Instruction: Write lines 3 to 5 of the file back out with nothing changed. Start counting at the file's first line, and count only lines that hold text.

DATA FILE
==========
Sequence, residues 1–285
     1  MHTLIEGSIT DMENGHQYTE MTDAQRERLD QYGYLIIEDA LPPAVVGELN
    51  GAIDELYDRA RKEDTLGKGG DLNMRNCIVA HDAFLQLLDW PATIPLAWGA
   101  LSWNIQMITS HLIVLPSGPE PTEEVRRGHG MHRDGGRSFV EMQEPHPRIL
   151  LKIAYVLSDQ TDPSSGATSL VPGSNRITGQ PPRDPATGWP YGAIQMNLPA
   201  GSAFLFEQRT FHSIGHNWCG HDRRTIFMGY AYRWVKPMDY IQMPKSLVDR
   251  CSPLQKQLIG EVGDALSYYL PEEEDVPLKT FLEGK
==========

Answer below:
    51  GAIDELYDRA RKEDTLGKGG DLNMRNCIVA HDAFLQLLDW PATIPLAWGA
   101  LSWNIQMITS HLIVLPSGPE PTEEVRRGHG MHRDGGRSFV EMQEPHPRIL
   151  LKIAYVLSDQ TDPSSGATSL VPGSNRITGQ PPRDPATGWP YGAIQMNLPA